LINE 17 - Blogs
PASS THE PEPPER PLEASE...
Traditionally when reaching for a Seasoning to enhance a favourite meal we reach for the Salt (Himalayan of Course!) Salt is a Seasoning beyond question. When it's used well, salt manages to make food taste not salty, but more like it's self. Almost everything we eat has some Sodium in it, and we have receptors on our tongues devoted to the taste. The human need for salt is so innate that it's only natural to adjust our dosage at the table.
But why Pepper? - Pepper sits next to the Salt Grinder at every coffee shop and kitchen counter in the country! And why do so many recipes invite us to season with Salt and freshly ground Black Pepper upon completion?
This Master Spice is versatile in all forms. It offers a vibrant flavour suitable for any dish. Historically, it has led an illustrious and full life giving fortune and paying ransomes. Pepper is used daily by most people and offers Health benefits along with adding it's unique flavour. Reach for that Pepper Shaker or Grinder and enjoy all the benefits it has to offer!
Black Pepper comes from the Berries of the Pepper Plant. Black Pepper, Green Pepper and White Peppercorns are actually the same fruit (Piper nigrum); the difference in their colour is a reflection of varying stages of development and processing methods. Black Peppercorns come about by picking the Pepper berries when they are half ripe and just about to turn red. They are then left to dry which causes them to shrivel and become dark in colour. Black Peppercorn is the most pungent and flavourful of all types of Pepper and it is available as whole or cracked Peppercorn or ground into powder. Black Pepper is best added freshly ground in a mill at the end of the cooking process since it loses it's flavour if cooked for too long.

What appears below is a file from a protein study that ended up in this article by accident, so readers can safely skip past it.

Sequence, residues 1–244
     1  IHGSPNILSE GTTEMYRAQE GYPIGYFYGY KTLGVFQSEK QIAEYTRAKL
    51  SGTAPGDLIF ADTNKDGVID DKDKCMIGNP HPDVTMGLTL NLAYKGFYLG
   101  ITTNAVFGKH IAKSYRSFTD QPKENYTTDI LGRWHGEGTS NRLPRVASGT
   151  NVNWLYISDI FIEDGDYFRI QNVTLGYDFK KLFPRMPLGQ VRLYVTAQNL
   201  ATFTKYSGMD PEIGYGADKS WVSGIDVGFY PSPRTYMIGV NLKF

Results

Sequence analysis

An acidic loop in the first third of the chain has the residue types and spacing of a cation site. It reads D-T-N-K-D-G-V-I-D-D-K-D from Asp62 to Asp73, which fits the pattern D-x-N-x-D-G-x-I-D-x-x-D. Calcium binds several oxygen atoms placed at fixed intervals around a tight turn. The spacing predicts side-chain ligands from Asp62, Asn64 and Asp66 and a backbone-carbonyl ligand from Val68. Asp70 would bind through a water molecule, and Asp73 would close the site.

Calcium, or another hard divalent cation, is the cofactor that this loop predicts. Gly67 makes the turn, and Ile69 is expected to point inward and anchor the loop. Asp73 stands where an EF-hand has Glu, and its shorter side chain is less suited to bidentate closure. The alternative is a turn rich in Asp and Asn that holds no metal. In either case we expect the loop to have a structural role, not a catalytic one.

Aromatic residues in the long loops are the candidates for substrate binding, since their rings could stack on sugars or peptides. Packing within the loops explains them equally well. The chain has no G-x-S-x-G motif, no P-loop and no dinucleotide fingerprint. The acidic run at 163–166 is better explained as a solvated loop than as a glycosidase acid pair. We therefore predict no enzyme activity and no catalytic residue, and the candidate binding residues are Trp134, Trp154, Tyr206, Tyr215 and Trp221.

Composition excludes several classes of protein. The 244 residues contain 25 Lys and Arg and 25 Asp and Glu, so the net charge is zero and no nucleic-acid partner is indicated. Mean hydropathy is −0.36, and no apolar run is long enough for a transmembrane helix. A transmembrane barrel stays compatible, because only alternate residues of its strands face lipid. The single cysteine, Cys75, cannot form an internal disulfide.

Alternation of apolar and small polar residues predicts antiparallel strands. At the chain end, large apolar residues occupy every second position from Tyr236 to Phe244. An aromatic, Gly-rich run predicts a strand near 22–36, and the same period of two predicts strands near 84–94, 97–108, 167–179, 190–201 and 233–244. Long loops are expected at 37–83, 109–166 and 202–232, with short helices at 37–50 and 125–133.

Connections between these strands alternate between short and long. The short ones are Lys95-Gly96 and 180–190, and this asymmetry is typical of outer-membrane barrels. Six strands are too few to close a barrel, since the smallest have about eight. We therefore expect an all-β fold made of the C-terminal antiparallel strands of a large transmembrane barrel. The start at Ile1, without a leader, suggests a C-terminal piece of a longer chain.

Alternatively, Green Peppercorns are picked while still unripe and green in colour. They are often preserved in brine or vinegar and served in pickled form. In dried form, they don't last very long and have to be used quickly. They are commonly found in Thai and other Southeast Asian recipes and have a fresher flavour than their black counterparts.
White Peppercorn is picked when very ripe and subsequently soaked in brine to remove their dark outer shell leaving just the white pepper seed. They are less pungent and more earthy in flavour than black peppercorn and are commonly used in white sauces and mashed potato due to their colour as they don't visibly stand out like black pepper.
Pink Peppercorn is actually from a completely different plant species (Schinus molle) that is related to Ragweed. It is used as a spice and has a lighter pepper-like taste and can be paired with seafood and in light sauces due to their pretty colour and light taste.
Szechuan Peppercorn has a fragrant aroma that has been likened to Lavendar. However, it's main c;laim to fame is the powerful numbing sensation it causes around the mouth. When married with Chilli Peppers (the other key ingredient in Szechuan cuisine), chefs believe this numbing effect reduces the Chilli Peppers heat, leaving diners free to appreciate the Capsicum's intense, fruity flavour. Ground, roasted Szechuan Peppercorn can be used to make infused oil and can also be paired with salt to make a flavourful seasoning.
Wait! There's more!
Not only does Black Peppercorn taste good but it is also good for you! Black Pepper contains the mineral Potassium, which helps improve the stomachs ability to digest food and promotes intestinal health. Because Black Pepper is a carminative, it discourages intestinal gas from forming, and as a bonus, the outer layer of the peppercorn aids in the break-down of fat cells!